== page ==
801 CE to 900 CE

9th century Viking fortress found in Ireland

Eamonn Kelly, Keeper of Antiquities with the National Museum of Ireland, reports that after years of research the Viking fortress of Linn Duachaill has been located 45 miles north of Dublin.

Sherwood "thing" to be investigated

Five years ago, local archaeologists discovered a thing, an open-air Viking meeting place, on Hanger Hill in Sherwood Forest, England. Now the experts are moving in for an official survey.

Northumberland coal mine hides Anglo Saxon village

"The surface mine at Shotton has given us the first direct evidence of Anglo-Saxon settlement in this part of the county and has confirmed its potential for making important archaeological discoveries," said Karen Derham, Northumberland County Council Assistant County Archaeologist about the recent discovery of an Anglo-Saxon settlement.

Did Scots beat Norse to Iceland?

New research by experts from Bangor University in Wales may show that the Vikings were not the first to reach Iceland. The first may have been Irish monks from the Scottish islands who travled there 70 years before their Nordic neighbors.

Mongol history on Internet Archive

The Internet Archive has created a facsimile of the book History of the Mongols from the 9th to the 19th century by Major-General Sir A Cunningham. The nearly 800-page volume can be read as a book online.

Viking necklace found in cave a mystery

Archaeologists are puzzled over the spring 2010 discovery of a rare 9th century Viking necklace consisting of "71 glass beads covered with gold foil." The necklace was discovered during an excavation of Glencurran Cave in the Burren National Park. (photo)

Vikings go on "Online Tour"

The British Museum offers a series of Online Tours featuring photos and text describing artifacts from different eras. One of the most interesting is the Viking Age with closeup photos of such interesting objects as an antler comb in a case.

Rarely-seen 9th century carpet mosaic displayed briefly in Jericho

In honor of the 10,000th birthday of the city of Jericho, officials gave visitors a rare glimpse of a 1,200-year-old carpet mosaic measuring nearly 900 square meters (9,700 square feet) which once graced the floor of the main bath house of an Islamic palace. (photo)

Reading grave may hold medieval nun

Archaeologists working on a site next to Reading Minster in England have uncovered what they believe is the grave of a medieval nun, possibly dating to Saxon times.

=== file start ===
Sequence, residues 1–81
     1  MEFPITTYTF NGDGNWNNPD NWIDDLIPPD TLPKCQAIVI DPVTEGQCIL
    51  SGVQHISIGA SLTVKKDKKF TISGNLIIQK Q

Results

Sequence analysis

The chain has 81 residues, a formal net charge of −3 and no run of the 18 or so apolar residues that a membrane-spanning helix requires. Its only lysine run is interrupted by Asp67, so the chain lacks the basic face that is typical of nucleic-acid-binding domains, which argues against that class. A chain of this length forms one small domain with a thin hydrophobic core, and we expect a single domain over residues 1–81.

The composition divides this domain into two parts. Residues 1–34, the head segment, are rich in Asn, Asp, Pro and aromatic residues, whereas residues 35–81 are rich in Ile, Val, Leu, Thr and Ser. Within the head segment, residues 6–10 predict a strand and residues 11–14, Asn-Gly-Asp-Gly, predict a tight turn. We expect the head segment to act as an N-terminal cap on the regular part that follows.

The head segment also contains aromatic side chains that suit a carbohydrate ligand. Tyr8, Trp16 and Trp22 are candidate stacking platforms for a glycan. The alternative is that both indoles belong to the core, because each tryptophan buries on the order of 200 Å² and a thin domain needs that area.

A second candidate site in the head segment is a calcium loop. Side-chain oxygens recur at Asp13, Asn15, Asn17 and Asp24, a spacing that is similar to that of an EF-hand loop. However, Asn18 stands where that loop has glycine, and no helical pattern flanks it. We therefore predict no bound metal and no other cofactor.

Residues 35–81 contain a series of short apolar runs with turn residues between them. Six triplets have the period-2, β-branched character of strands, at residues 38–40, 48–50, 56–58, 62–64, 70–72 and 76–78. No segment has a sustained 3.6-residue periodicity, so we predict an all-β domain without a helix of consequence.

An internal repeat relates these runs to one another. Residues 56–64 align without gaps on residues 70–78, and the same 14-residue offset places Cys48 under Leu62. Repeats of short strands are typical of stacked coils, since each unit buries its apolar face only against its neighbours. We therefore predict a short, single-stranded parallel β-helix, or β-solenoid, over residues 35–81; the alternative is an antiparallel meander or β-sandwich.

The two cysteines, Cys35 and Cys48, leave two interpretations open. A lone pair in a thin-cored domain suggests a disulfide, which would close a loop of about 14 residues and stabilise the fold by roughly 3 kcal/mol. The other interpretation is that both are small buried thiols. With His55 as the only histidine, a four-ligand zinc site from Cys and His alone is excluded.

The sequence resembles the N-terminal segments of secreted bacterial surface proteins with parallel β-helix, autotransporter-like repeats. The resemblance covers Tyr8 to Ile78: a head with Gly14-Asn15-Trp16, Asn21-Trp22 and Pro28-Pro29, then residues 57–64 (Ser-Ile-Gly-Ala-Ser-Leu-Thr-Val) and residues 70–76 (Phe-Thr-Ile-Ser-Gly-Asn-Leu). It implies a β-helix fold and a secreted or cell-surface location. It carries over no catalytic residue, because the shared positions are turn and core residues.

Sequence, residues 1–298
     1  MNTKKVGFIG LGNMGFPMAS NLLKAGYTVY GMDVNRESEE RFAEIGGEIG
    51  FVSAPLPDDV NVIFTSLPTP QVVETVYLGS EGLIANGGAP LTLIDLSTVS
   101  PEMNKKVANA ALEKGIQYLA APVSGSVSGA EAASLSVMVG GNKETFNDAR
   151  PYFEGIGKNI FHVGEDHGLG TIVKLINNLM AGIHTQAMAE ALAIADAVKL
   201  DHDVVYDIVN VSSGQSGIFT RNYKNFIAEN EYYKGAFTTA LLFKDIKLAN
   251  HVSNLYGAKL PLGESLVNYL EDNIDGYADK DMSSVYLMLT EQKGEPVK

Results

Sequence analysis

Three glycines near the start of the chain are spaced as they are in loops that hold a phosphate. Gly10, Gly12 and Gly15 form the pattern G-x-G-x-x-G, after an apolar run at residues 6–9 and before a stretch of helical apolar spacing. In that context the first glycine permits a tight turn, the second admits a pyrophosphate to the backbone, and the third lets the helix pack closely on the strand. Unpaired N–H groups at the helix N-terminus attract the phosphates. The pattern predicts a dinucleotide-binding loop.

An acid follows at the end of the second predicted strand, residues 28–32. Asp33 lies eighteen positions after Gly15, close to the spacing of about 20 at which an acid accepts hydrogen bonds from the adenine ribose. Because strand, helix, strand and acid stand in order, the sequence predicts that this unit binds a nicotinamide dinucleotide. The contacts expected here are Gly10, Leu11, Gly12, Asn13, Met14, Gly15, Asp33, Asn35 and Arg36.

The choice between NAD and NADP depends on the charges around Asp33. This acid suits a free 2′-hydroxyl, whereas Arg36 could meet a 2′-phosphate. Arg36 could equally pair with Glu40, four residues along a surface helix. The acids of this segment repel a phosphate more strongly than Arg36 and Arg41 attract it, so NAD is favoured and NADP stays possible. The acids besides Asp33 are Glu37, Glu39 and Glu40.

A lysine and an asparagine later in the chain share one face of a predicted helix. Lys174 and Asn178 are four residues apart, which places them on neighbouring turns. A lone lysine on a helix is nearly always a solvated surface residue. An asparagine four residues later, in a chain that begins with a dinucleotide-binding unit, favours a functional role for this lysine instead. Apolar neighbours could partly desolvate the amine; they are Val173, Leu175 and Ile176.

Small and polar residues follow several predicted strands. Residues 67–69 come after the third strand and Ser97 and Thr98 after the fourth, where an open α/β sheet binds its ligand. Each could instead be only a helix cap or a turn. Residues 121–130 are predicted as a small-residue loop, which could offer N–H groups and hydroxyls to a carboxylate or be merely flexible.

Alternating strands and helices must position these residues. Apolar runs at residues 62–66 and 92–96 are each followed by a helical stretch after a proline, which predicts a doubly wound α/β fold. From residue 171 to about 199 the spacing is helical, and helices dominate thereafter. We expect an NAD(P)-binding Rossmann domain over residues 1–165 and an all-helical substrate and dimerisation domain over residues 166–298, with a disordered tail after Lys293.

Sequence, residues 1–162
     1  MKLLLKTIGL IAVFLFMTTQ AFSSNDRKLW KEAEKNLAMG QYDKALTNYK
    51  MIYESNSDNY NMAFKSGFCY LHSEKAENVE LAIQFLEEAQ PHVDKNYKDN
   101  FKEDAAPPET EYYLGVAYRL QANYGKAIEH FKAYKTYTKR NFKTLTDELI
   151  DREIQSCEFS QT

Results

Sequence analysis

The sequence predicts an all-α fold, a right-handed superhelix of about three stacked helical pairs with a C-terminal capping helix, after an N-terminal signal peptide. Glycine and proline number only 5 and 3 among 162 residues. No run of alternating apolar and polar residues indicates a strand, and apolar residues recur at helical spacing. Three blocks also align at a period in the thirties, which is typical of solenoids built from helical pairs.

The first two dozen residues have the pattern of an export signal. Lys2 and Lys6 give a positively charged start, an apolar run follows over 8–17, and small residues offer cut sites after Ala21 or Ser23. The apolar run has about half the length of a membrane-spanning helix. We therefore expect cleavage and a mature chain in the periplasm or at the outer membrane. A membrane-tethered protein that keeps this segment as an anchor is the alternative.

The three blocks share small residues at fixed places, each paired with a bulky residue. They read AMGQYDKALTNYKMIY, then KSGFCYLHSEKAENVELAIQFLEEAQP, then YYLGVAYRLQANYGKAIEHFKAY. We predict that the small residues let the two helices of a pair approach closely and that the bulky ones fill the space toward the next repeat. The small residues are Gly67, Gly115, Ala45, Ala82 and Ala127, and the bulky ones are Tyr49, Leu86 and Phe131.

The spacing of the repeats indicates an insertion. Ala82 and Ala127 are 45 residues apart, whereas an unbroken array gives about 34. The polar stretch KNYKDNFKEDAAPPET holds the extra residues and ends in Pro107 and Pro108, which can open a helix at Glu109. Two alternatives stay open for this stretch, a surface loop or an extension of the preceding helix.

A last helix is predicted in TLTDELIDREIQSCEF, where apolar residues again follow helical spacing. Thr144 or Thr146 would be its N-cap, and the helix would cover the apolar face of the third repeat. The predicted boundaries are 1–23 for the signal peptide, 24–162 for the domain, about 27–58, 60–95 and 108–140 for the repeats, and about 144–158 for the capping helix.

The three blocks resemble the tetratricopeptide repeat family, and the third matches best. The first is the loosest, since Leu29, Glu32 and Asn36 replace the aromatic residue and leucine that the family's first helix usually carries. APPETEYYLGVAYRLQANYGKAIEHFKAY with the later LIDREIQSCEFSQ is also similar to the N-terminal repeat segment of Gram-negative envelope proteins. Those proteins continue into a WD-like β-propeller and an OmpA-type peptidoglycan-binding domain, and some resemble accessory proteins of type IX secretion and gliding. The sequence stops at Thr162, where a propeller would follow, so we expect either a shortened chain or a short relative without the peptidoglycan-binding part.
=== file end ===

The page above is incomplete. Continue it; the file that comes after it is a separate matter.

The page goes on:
Siberian mystery

On an island in the middle of a remote lake in Siberia, not far from the Mongolian border, lies the fortress of Por-Bajin. Por-Bajin is an archaeological site that dates to the 8th or 9th century. Its walls enclose 7 acres (2.8 hectares), a maze of about 30 buildings.

Anglo-Saxon ring centerpiece of BBC archaeology program

An exceptional gold ring, sporting "four beasts' heads with inlaid blue and yellow glass eyes" will be featured on a new BBC program Digging for Britain, focussing on Bristol, England and Berkeley Castle. (photo)

Ancient Bulgarian burial mound found

Archaeologists have unearthed a burial mound they suspect belongs to pre-Christian Bulgars of the Pliska period. Little is known about the people of this time and place.

Rotunda from the Great Moravian Empire found in Czech Republic

Pohansko, in the South Moravian region of the Czech Republic, translates as "Pagan Place," but archaeologists have discovered the remains of a rotunda as part of a 9th century church.

Bard to perform Beowulf in Berkeley

October 26-30, 2010 in Berkeley, CA, medievalist and early music specialist Benjamin Bagby will perform the epic saga of Beowulf. His performance will be accompanied by Anglo-Saxon harp.

9th century Byzantine monastic complex found in Turkey

At first, experts thought they had discovered a 9th century Islamic building, but evidence concluded that Küçükyalı Arkeopark, a large archaeological area on the Asian side of Istanbul, is the only surviving Byzantine monastic complex from 9th-century Constantinople.